From now on, those seeking advice on issues ranging from money and tax issues such as VAT rates and council tax bands, to crime, citizenship or setting up and running a limited company will be redirected to gov.uk.
The government's objective is to provide "simpler, clearer and faster" access to government services, in contrast to the DirectGov website, which laboured on with the same design for the past eight years.
Gov.uk appears to have fulfilled this brief on the design side, with information displayed clearly and concisely, if somewhat sparsely, in columns of headline links with short explanations. You can almost smell the fresh paint.
But AccountingWEB members raised concerns about some of the website's content.
"Just had a quick look around the tax and company sections and found a handful of howlers straight away. This is dangerous, they've simplified it far too much and those writing the web pages clearly haven't enough knowledge or experience," said Ken Howard.
Paul Scholes was more understanding: "'Tis the way of the IT world, I fear. It doesn't matter whether it's private or public sector, most new websites need some settling in. I found a broken link within 30 seconds. Still, I welcome the combination into one portal".
Members of our sister website UK Business Forums voiced similar concerns in a thread started by Cheapaccounting's Elaine Clark. She addressing issues catalogued errors in a blog post and it didn't take long for other UKBF members to jump on board with their experiences.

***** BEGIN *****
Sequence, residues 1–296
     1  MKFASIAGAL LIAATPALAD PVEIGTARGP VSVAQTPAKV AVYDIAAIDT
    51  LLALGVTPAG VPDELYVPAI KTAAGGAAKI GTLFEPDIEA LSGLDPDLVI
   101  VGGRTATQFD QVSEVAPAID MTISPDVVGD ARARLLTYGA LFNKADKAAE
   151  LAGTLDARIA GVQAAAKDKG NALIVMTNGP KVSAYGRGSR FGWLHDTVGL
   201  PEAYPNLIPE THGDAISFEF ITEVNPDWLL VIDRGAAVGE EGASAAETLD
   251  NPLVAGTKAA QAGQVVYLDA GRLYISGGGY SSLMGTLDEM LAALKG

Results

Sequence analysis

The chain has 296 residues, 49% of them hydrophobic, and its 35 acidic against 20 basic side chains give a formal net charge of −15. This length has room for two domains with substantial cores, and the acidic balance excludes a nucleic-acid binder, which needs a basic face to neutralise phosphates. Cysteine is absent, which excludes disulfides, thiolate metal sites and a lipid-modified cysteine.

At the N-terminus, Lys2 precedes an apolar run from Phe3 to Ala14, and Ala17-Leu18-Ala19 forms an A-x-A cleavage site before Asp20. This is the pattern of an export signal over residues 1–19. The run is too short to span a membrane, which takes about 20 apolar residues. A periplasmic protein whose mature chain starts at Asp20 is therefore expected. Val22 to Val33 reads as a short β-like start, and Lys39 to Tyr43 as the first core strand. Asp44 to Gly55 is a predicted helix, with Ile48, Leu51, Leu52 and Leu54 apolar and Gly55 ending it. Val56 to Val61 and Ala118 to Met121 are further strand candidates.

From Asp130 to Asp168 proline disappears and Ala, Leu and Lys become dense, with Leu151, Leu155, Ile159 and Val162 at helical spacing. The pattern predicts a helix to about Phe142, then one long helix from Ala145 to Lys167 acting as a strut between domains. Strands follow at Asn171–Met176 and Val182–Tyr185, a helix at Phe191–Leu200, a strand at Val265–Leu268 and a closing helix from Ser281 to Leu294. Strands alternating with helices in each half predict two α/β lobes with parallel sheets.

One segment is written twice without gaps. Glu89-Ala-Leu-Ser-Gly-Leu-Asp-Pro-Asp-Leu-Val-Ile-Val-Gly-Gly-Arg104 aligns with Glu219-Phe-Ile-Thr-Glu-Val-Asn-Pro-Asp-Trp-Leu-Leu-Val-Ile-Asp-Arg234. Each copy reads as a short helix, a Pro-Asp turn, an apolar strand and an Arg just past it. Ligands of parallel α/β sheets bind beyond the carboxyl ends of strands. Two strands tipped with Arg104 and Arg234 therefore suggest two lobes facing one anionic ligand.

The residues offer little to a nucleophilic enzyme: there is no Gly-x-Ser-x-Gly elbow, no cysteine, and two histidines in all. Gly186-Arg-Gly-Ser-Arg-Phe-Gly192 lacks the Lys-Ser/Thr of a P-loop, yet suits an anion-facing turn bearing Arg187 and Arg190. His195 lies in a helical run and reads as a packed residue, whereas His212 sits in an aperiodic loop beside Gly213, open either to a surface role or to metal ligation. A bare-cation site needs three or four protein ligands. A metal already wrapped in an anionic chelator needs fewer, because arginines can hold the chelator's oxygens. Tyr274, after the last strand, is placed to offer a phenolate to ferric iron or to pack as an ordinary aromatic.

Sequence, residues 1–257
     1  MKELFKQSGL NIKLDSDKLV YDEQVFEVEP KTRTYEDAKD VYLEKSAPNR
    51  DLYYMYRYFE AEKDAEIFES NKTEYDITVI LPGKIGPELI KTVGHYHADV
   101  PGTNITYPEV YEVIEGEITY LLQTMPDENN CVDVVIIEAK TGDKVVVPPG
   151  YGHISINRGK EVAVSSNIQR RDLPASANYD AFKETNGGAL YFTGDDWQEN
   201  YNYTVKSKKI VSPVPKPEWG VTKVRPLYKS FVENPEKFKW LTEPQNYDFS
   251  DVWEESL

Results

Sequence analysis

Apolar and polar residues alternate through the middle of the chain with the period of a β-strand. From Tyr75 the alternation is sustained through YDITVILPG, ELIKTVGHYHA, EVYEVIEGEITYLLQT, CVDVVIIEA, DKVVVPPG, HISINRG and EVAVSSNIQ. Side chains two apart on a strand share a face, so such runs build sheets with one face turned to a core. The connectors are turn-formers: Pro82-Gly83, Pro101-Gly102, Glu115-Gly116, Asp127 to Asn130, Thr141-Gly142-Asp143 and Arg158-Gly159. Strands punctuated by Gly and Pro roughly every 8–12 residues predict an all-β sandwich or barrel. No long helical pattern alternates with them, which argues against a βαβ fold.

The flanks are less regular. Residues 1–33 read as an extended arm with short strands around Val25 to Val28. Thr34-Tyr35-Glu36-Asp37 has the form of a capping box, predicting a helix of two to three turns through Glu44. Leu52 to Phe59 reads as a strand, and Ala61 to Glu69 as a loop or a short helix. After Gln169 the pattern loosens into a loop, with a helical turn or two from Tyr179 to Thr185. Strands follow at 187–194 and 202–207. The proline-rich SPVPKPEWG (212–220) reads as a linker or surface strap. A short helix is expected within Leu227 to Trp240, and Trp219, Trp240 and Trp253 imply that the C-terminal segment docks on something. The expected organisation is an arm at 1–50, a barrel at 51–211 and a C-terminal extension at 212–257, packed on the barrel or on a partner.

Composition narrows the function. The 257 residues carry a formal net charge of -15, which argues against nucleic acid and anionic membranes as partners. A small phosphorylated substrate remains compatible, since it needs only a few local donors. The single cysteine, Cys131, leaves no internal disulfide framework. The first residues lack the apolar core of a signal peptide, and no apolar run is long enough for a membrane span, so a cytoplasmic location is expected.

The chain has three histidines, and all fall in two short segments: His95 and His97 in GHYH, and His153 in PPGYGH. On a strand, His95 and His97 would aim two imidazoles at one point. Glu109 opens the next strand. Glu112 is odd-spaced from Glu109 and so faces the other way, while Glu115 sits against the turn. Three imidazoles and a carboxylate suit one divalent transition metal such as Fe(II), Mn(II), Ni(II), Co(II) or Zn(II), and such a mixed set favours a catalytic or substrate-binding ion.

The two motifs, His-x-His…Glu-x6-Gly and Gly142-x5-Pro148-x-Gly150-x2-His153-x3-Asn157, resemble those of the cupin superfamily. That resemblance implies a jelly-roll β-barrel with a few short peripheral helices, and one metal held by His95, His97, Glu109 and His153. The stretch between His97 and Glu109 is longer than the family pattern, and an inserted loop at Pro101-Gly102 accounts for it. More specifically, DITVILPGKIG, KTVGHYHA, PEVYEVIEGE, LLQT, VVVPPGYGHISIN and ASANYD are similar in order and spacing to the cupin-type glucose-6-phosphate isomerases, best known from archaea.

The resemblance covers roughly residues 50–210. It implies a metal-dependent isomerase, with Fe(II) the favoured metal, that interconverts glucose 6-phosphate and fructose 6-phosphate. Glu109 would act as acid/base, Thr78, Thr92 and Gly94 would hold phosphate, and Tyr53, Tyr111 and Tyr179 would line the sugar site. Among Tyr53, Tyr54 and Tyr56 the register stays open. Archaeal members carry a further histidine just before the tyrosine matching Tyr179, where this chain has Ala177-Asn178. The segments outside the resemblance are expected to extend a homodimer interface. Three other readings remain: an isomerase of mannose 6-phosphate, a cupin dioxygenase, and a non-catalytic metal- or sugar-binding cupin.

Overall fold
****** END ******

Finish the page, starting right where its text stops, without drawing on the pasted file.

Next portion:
The no-frills site is part of an overhaul carried out by the Government Digital Service (GDS), a new team within the Cabinet Office. The GDS deputy editor for digital engagement Emer Coleman responded on UKBF that her team had already amended one factual error that was reported.
"We have also looked again at the working of the other examples that you point out. In some cases we have suggested amendments which are now being reviewed by the relevant experts in HMRC and Companies House," she added.
Coleman said the reason for combining DirectGov and Business Link into one website was the cost, as previously reported by our sister site BusinessZone.
"The cost of maintaining the existing contracts for Directgov and Business Link would have been £36m. This does not include the costs of individual departmental websites estimated at a further £50m to £70m a year. It's impossible to support that level of costs in times of austerity," she said.
Gov.uk reportedly cost the government £18.7m to set up.
GDS product manager Sarah Prag supported these comments with a blog describing the process content goes through before it's published on the website.
Executive director of government digital services Mike Bracken told The Guardian said the website still requires "much polish", especially as far as social media integration is concerned.
Further changes enhancements will include the migration of other departmental sites in 2013, according to Bracken.
If you encounter an error on the website. there is a 'feedback' button, which you can use to report the issue and get it resolved.
Gov.uk produced a video tour of the new site, available below: